It is the general view of writers that in these decisions is found the authority of the Congress, under the commerce clause, to prohibit commerce entirely. See Edward S. Corwin, "Congress's Power to Prohibit Commerce" (1933) 18 Cornell Law Quarterly, 477; Theodore W. Cousens, "The Use of the Federal Interstate Commerce Power to Regulate Matters within the States," (1934) 21 Virginia Law Review, 51; Thomas Reed Powell, "Commerce, Pensions, and Codes," (1935) Harvard Law Review 1, 195; and see, also, 2 Willoughby on The Constitution (2d Ed., 1929) §§ 575 to 592-a. If, as Mr. Chief Justice Taft stated in Brooks v. United States, supra, the commerce clause may be used to prevent the spread of "any evil or harm" coming to a state through persons or commodities of another state, it is difficult to understand why, in order to prevent the "glutting" of markets by agricultural products that cannot be sold (a *391 "glutting" which could result only in demoralizing the commerce in these commodities), the Congress cannot exclude from interstate commerce a certain number of commodities over and above a quota established (with the consent of a majority of the producers) after an inquiry into the needs for a particular time. It is hard to see why constitutional validity should be denied to such a procedure and granted in the case of lottery tickets, stolen automobiles, grains that do not conform to standards, or the right be recognized in the interstate commerce commission, as was done in Assigned Car Cases (1927) 274 U.S. 564, 47 S. Ct. 727, 71 L. Ed. 1204, to limit the quantities of railroad cars to be used in conjunction with certain industries, even to the extent of holding that the Congress could exclude private cars altogether from interstate railroads.

The decision in the Child Labor Case, Hammer v. Dagenhart (1918) 247 U.S. 251, 38 S. Ct. 529, 62 L. Ed. 1101, 3 A.L.R. 649, Ann.Cas.1918E, 724, if interpreted in the light of later cases, such as Brooks v. United States, supra, does not stand in the way. The majority of the court were satisfied that the main object there had been to interfere with the internal affairs of states, by compelling a change in the employment of children, under the guise of the exercise of the commerce power.

From the exercise of the power to regulate commerce between states, incidental regulation or interference with intrastate activities may result. But the result so achieved does not invalidate it. In the matter of railroad rates, the Supreme Court has distinctly upheld interstate regulation of rates, even though their effect was to destroy valid intrastate rates. See Minnesota Rate Cases (1913) 230 U.S. 352, 33 S. Ct. 729, 57 L. Ed. 1511, 48 L.R.A.(N.S.) 1151, Ann.Cas.1916A, 18. This upon the theory expressed in Railroad Commission of Wisconsin v. Chicago, B. & Q. R. Co. (1922) 257 U.S. 563, 588, 42 S. Ct. 232, 237, 66 L. Ed. 371, 22 A.L.R. 1086, that: "Commerce is a unit and does not regard state lines, and while under the Constitution, interstate and intrastate commerce are ordinarily subject to regulation by different sovereignties, yet when they are so mingled together that the supreme authority, the Nation, cannot exercise complete effective control over interstate commerce without incidental regulation of intrastate commerce, such incidental regulation is not an invasion of state authority or a violation of the proviso." (Italics added.)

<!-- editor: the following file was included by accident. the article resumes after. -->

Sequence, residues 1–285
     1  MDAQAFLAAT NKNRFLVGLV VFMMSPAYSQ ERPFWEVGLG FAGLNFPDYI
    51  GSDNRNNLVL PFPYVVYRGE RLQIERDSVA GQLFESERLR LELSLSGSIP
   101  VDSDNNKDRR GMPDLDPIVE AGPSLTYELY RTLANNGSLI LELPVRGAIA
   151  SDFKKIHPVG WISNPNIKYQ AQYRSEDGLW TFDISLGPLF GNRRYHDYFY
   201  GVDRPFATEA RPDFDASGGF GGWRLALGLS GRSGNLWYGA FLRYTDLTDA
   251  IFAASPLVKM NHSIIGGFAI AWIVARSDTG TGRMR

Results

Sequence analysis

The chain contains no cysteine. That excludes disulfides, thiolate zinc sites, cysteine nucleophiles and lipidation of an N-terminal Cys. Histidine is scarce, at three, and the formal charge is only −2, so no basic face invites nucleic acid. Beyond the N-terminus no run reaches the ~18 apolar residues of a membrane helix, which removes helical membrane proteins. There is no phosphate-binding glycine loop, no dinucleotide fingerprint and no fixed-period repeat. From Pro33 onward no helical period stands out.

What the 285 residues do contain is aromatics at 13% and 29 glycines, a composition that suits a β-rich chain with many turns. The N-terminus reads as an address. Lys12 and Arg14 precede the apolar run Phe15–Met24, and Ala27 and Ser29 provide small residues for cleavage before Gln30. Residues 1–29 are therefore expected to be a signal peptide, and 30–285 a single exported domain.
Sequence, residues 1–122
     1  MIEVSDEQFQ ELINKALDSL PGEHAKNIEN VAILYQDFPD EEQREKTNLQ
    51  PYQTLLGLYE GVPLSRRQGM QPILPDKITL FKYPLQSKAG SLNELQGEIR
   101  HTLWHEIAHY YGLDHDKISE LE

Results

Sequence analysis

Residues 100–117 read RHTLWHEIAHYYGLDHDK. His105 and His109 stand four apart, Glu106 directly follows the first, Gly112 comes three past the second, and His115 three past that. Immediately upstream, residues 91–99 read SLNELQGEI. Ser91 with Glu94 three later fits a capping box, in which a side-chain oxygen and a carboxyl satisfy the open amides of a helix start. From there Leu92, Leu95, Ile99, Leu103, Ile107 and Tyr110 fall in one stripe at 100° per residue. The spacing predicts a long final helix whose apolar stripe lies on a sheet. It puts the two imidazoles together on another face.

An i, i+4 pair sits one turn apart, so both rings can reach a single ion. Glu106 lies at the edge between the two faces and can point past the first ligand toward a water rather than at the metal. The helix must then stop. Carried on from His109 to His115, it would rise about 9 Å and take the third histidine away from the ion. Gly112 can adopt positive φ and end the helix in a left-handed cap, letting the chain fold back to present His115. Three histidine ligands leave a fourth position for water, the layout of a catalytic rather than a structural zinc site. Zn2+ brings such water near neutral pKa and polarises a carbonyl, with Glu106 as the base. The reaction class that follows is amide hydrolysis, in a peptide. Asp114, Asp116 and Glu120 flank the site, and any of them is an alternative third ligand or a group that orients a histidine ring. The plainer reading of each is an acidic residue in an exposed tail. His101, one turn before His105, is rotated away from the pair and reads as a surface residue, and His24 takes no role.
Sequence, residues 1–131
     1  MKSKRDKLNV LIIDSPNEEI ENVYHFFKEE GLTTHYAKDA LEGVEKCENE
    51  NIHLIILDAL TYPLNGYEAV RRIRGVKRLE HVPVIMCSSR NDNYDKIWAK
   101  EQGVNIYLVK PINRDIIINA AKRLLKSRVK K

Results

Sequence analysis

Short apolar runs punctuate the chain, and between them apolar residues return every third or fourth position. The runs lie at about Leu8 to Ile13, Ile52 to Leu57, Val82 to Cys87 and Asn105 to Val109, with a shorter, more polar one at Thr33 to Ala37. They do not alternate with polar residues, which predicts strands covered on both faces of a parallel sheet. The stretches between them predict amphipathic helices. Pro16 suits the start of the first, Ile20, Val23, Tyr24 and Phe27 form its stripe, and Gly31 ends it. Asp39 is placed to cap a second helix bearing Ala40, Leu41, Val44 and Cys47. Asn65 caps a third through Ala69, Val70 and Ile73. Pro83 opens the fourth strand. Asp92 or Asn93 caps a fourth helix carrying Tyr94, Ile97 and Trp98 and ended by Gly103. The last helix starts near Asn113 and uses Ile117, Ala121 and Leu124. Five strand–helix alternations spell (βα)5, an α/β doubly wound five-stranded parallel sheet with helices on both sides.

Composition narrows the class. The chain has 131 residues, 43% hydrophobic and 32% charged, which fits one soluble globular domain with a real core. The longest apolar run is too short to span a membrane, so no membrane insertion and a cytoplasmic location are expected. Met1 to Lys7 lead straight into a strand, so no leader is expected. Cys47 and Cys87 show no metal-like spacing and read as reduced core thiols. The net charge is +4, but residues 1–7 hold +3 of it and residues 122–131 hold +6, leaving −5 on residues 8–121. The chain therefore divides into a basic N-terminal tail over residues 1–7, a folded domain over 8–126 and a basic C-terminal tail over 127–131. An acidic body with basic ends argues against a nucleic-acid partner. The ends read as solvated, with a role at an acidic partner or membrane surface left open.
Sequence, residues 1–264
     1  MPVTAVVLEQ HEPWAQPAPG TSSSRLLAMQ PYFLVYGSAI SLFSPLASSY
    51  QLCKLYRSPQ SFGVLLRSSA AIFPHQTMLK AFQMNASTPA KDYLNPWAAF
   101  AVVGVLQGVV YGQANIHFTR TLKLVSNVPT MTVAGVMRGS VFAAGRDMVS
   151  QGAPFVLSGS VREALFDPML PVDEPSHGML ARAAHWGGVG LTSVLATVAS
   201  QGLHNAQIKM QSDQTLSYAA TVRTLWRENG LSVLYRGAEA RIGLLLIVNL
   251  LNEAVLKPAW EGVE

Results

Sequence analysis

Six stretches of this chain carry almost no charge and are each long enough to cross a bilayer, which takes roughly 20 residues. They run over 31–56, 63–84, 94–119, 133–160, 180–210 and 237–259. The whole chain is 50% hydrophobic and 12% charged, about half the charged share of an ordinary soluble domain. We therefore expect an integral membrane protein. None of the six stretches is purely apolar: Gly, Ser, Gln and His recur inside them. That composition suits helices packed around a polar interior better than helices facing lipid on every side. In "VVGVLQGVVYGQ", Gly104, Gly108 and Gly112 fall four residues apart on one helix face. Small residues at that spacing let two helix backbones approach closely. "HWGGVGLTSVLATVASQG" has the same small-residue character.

The regulation of interstate commerce here is not a regulation of production. It does not aim to control the amount of commodities to be produced in a particular state. It merely regulates the quantity to be shipped in interstate commerce. Admit that the object is to aid agriculture by securing a better price, that object is no more unconstitutional than the attempt to establish grain standards, or the attempt to aid agriculture, through the regulation of gambling of grain speculators whose activities may endanger the price of agricultural commodities.

Farm products not shipped in interstate commerce may be used or sold locally or transformed into other commodities. At best, the result to be attained is incidental to the exercise of the power. And where the power exists, the fact that the manner of its exercise may result in an incidental regulation of intrastate activity has not led courts to deny validity to its exercise. Thus to speak of something which concerns us all in the West, the power of the government to build Boulder Dam was sustained under the commerce clause (Const.art. 1, § 8) and upon the ground that the act of the Congress (43 U.S.C.A. §§ 617-617t) for its creation was passed "for river regulation, improvement of navigation, and flood control." See Arizona v. California (1931) 283 U.S. 423, 51 S. Ct. 522, 526, 75 L. Ed. 1154. This avowed purpose was attacked as being "a mere subterfuge and false pretense." But the court declined to go into the motives which had induced the members of the Congress to enact the act. And this, despite the fact that every school boy in the Southwest knows that one of the great aims was to preserve the flood waters of the Colorado for domestic and other uses of the great Southwest and to develop power for a growing community.

We conclude that if the power can be used to achieve beneficial results which may be called of a moral character, such as the exclusion of narcotics, liquors, lottery tickets, prize fight films, immoral persons, fruits and grain below a certain standard, from interstate commerce, when their use is incidental to the plenary control of the Congress over commerce between the states, an act which seeks to limit the shipment of the products of agriculture should not be denied validity upon *392 the ground that it may indirectly affect their production. After all, we are living in a realistic world. And while "man doth not live by bread alone," economic considerations in aid of a group which has been a dominant factor in our national life from the very beginning of our nation's existence should not be considered so evil as to contaminate the proper exercise by the Congress of its plenary control over commerce between the states. See Lemke v. Farmers' Grain Co. (1922) 258 U.S. 50, 42 S. Ct. 244, 66 L. Ed. 458; Shafer v. Farmers' Grain Co., supra.